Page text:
U.S. stock futures surged Monday, indicating a mixed start to the week for the major indexes.

Futures linked to the S&P 500 fluctuated between gains and losses. Late last week, the US majors broke their two-week profit streak with a 1% loss. Technology-focused contracts on the Nasdaq-100 rose 0.8%, suggesting the technology sector will be higher at the opening of the session in New York.

Investors continued to turn their attention to the bond markets after US government bond prices fell last week. Ten-year Treasuries tightened slightly on Monday, pushing yields up to 1.682% from 1.729% on Friday. Yields fall as bond prices rise.

Earnings have risen for seven weeks in a row, weighing on segments of the stock market that have benefited from years of low interest rates. Technical stocks in particular have suffered over the long term from the rapidly rising cost of government debt. If bond yields rise, future returns will be worth less.

Technology stocks, including Apple, led the way before the bell, as did electric car maker Tesla, which also pushed bond yields lower.

Kansas City Southern Railway made a 17% jump in premarket trading after an agreement to buy shares of the company.

Canadian Pacific Railway

in a deal worth about $25 billion.

On Friday, the Nasdaq-100, which dominates the technology sector, lost for the fourth time in five weeks. Many investors believe that bond yields will continue to rise as the economy improves, threatening the tech stocks that pushed up the overall market in 2020.

US bond yields have more upside than downside potential, says Edward Smith, head of asset allocation analysis at Rathbone Investment Management in the UK. Equities that posted brilliant returns last year are probably not yet well stocked, he added. Smith added.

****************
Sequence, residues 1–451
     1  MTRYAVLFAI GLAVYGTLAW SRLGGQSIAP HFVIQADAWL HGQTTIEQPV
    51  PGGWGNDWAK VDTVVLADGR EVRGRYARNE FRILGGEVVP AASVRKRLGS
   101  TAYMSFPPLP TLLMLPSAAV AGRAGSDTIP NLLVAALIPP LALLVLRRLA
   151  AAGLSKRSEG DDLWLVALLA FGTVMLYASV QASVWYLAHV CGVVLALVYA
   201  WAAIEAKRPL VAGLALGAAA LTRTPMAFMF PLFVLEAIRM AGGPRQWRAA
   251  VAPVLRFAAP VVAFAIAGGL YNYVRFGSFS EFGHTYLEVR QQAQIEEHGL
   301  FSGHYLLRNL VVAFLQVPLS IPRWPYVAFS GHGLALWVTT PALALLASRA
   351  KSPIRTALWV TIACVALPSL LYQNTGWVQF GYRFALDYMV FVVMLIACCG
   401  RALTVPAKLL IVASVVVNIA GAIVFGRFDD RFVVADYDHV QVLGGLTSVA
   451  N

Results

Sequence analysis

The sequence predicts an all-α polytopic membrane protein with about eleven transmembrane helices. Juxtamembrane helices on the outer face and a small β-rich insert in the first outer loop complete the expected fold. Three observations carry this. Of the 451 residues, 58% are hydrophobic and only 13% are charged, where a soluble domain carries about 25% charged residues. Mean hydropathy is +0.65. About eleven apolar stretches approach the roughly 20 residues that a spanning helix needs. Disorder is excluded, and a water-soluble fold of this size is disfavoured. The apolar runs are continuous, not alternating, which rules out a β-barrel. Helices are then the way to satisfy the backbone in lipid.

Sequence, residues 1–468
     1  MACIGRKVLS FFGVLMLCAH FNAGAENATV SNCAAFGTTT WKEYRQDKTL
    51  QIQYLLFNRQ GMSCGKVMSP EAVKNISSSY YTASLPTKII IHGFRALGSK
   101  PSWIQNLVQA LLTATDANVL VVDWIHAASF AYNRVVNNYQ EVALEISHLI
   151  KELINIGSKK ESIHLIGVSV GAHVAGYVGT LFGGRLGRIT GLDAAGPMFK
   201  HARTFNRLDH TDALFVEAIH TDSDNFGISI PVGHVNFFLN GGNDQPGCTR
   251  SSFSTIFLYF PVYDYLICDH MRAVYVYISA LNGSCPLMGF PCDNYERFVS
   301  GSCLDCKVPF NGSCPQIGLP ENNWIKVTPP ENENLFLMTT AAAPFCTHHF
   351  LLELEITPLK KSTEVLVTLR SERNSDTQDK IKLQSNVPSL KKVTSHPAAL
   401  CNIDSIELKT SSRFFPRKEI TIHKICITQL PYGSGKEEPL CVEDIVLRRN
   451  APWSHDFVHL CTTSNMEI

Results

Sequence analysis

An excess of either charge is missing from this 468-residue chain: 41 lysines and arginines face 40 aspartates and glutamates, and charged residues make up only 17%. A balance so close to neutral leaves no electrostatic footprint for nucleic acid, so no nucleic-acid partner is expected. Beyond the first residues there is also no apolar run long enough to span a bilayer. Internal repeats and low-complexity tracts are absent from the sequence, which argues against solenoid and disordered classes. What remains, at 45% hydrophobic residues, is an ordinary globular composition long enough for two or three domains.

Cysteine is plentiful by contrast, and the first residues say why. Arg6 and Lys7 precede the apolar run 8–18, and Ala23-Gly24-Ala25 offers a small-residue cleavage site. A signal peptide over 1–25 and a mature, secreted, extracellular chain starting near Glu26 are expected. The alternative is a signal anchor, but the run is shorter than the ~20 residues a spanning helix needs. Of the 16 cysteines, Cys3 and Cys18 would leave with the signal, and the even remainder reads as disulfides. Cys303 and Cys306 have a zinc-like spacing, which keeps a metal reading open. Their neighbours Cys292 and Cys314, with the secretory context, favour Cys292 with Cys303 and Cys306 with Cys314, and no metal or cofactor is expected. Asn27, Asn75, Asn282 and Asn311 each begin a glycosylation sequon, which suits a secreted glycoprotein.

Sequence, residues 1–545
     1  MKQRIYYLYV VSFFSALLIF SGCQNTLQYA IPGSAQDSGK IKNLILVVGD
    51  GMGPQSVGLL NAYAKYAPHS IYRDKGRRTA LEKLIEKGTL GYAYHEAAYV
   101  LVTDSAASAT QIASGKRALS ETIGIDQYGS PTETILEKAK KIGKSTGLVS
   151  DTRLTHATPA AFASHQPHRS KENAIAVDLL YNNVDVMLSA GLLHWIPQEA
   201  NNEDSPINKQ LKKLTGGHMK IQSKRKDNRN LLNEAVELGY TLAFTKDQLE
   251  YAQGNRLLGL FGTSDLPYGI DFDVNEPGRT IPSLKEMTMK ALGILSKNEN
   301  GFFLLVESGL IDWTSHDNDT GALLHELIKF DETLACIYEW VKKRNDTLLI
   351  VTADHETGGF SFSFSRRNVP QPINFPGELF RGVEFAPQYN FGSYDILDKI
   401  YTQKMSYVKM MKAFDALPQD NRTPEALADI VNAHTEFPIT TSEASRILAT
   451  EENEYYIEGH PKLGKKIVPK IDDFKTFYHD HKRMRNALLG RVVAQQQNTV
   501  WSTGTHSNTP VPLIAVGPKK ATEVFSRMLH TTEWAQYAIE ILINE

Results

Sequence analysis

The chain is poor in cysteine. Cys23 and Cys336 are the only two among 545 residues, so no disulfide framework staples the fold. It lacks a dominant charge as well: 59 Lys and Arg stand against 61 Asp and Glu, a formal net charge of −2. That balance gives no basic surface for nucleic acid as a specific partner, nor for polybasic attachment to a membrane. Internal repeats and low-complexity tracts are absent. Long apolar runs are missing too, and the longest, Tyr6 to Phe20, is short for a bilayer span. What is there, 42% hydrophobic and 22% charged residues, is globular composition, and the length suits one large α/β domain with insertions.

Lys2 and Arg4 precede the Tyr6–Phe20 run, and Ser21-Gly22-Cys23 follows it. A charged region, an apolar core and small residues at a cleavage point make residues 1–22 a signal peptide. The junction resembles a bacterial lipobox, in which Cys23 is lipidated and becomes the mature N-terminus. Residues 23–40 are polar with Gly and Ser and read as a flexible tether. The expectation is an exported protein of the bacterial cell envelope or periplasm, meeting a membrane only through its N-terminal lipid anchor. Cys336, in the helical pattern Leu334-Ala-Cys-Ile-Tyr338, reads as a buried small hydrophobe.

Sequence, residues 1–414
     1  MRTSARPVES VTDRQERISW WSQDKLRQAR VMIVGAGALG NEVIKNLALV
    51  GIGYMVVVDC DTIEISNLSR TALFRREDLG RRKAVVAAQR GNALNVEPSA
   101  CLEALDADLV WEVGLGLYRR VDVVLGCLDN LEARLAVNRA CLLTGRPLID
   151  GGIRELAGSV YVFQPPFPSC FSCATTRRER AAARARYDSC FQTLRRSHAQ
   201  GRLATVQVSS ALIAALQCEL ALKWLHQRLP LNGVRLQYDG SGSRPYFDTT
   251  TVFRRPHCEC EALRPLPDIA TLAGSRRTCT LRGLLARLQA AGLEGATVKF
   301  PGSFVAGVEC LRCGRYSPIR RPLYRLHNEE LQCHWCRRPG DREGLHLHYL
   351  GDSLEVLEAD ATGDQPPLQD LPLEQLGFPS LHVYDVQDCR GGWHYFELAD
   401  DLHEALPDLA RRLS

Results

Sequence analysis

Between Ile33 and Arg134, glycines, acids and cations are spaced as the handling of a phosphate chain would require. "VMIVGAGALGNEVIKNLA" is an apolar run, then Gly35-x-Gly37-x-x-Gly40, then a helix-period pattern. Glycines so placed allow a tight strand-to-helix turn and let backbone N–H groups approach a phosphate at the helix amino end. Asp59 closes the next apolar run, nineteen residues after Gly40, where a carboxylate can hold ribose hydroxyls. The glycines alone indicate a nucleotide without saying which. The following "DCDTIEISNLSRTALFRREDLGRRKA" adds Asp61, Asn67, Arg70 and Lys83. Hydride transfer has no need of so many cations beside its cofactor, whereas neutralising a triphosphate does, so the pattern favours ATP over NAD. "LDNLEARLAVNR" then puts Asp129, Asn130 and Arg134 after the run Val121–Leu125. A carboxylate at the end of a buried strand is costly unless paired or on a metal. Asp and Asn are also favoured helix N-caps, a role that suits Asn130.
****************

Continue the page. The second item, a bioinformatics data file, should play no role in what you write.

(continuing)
According to Smith, this does not mean that investors should drop technology stocks. Shares of giants such as Apple, Microsoft and Facebook proved profitable as Treasury bond yields skyrocketed, he said. However, Smith added that fund managers should be wary of corners of the market with high valuations, such as shares in electric cars.

The Federal Reserve has so far indicated that it is not concerned about rising bond yields.

Jerome Powell.

will speak at a discussion on innovation in central banks at the Bank for International Settlements, which begins at 9 a.m. IT.

Data on sales of existing homes is expected at 10:00 a.m., giving investors a new perspective on the booming housing market. Economists expect sales to fall in February due to rising prices and bad weather in some parts of the country.

In currencies, the Turkish lira fell more than 9% to 7.96 per dollar following the change of the country’s top central banker late last week. The decline could make investors more nervous about investing in emerging markets, the European Commission report said.

Jane Foley,

Head of Currency Strategy at Rabobank.

New York Stock Exchange on Friday.


Brendan McDermid/Reuters

Combined with concerns about the direction of US Treasury bond yields, the decline in the Turkish currency means there is plenty of room for volatile trading conditions in the broader financial markets, Foley said.

On foreign markets, the Stoxx Europe 600 remained virtually unchanged. Actions


rose 1.5% after the UK drugmaker said its Covid-19 vaccine proved 79% safe and effective in preventing symptomatic disease in a US clinical trial.

Shares of airlines, including International Consolidated Airlines Group, part of British Airways, have fallen after British officials and scientists questioned the likelihood of international travel this summer. Several countries in continental Europe are struggling with the end of vaccination programs and a dramatic increase in the number of coronavirus cases.

Asian markets showed a mixed picture in late trading. The Shanghai Composite Index rose 1.1 percent, while Hong Kong’s Hang Seng Index fell 0.4 percent. Japan’s Nikkei 225 fell 2.1 percent, under pressure from automakers following a fire at a semiconductor manufacturer’s factory.

Renaissance Electronics.

Email Joe Wallace at [email protected].

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